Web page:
Re: to read or not to read...

Cynthia Haynes (
Mon, 24 Mar 1997 08:39:09 -0600

On Mon, 24 Mar 1997, Marcy Bauman wrote:

> Okay, well, let's start by considering the technology used to
> deliver conference presentations, be they read papers or other kinds of
> sessions. (I'm talking about "reading" as what the audience does, not as
> what the presenter does: If the presenter reads, she's speaking.) The
> advantages of reading over hearing are that when you read, you can go
> back over material, you can mark specific parts of a paper essay,
> you can search for specific parts and skip others, you can write
> elaborations and commentaries in the margin, and so forth. The
> disadvantage of reading (one potential disadvantage, anyway) is that the
> writer and reader are usually at some remove from each other, so that
> immediate (oral) conversation between them is not possible. The
> disadvantages of hearing are that hearing (unless it's mediated by some
> sort of recording technology) is necessarily linear, it usually takes
> longer than reading, and it is ephemeral: once the words are spoken,
> they're gone. We only have what we remember being said, which may -- and
> probably will -- differ from what was *actually* said, because we
> automatically "translate" what was said into our own idiosyncratic idiom,
> so that we can retrieve it and use it later. (If this were not the case,
> memorization wouldn't require such effort.)

I agree, Marcy. That's why I talked about the ways I was trained in
graduate school to listen...I was suggesting that this may be (along with
'delivery') a canon of rhetoric (memory?) that needs to be re-introduced
into our curriculum.

> I'd have been tempted to assume that, given the differences in the
> teachnology of reading and the technology of hearing, we'd all agree that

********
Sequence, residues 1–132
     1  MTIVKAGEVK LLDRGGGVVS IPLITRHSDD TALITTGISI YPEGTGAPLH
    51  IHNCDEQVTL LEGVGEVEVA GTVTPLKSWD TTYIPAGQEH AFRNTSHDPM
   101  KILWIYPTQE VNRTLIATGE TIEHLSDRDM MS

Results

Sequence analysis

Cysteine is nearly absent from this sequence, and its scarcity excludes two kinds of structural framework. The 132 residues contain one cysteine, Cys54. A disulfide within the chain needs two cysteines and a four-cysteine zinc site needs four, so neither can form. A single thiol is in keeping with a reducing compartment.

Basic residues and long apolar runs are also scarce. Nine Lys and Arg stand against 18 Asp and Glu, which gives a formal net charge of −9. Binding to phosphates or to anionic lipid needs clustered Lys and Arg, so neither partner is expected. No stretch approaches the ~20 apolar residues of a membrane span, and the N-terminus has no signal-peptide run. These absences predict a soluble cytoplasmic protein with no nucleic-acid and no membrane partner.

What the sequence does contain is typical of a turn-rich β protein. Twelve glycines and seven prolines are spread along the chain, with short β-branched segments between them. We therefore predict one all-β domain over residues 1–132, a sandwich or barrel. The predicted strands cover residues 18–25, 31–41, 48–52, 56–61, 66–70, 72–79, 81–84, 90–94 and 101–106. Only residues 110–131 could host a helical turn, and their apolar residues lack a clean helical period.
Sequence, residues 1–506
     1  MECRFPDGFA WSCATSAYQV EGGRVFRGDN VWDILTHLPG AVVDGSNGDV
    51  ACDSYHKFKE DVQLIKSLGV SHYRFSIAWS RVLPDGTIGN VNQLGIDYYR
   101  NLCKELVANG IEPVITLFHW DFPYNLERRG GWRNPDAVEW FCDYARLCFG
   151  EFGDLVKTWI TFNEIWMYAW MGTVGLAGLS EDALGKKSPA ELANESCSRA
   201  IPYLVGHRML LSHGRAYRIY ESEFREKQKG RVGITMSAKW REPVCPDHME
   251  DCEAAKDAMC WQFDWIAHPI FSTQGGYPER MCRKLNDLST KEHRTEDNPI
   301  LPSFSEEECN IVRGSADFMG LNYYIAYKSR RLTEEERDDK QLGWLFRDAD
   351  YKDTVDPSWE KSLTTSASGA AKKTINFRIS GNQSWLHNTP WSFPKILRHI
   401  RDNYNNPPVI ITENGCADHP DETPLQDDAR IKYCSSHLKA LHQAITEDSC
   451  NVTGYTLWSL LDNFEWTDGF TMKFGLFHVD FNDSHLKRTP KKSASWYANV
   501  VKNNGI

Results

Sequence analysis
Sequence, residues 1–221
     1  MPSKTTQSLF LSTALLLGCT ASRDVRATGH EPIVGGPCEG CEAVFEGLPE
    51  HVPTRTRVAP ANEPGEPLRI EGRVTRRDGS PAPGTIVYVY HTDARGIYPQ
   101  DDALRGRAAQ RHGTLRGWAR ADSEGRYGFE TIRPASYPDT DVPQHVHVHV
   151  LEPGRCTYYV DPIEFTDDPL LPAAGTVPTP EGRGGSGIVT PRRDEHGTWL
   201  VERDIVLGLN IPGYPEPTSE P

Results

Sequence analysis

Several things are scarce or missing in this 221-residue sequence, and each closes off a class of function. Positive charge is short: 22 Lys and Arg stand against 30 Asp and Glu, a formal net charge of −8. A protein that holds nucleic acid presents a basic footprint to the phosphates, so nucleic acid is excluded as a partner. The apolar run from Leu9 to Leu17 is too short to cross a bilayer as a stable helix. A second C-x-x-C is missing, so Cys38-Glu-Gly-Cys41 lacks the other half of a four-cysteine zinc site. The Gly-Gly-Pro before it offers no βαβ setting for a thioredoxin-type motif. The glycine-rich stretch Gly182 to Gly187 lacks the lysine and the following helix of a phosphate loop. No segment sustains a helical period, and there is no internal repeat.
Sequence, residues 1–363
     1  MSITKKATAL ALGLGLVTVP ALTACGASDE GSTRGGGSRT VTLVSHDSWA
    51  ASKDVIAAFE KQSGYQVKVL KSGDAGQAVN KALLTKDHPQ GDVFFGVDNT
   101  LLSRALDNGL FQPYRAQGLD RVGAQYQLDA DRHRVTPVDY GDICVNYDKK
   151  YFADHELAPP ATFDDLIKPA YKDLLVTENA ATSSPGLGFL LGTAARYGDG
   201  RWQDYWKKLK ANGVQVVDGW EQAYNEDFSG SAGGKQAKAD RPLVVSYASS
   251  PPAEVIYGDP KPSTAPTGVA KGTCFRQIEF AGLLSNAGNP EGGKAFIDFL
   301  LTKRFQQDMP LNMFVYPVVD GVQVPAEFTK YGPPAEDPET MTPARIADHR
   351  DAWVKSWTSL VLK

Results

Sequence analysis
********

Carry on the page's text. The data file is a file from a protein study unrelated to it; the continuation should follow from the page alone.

> texts which are meant to be heard must necessarily be different from texts
> which are meant to be read. But Cynthia's example, which uses a reviewer's
> comments on a written text to problematize our notions of appropriate
> expectations of an audience for spoken texts, leads me to think
> otherwise. What I heard people on this list saying was *not* that they
> wanted conference presentations to be "easy" (in the sense of
> intellectually unchallenging), I heard them saying that they wanted the
> texts to be appropriate for the technology by which they were delivered.
> And I don't think people have been uniformly weighing in against
> texts which are read aloud; one of the texts which was offered as an
> example of a presentation that was thought-provoking was Eric Crump's --
> which was a written text read aloud.

My example was speaking to the issue of the terms, to their having been
put forth as words that had no substance, that made no points, that did
not entertain, that were not beautiful. I used the example to explain the
stakes at risk when people challenge someone's terms as the reviewer did,
"deliberately confusing." I don't see that anyone on the list has done
that, what I wanted to show was how this debate on terms can lead to that
kind of accusation.

> > I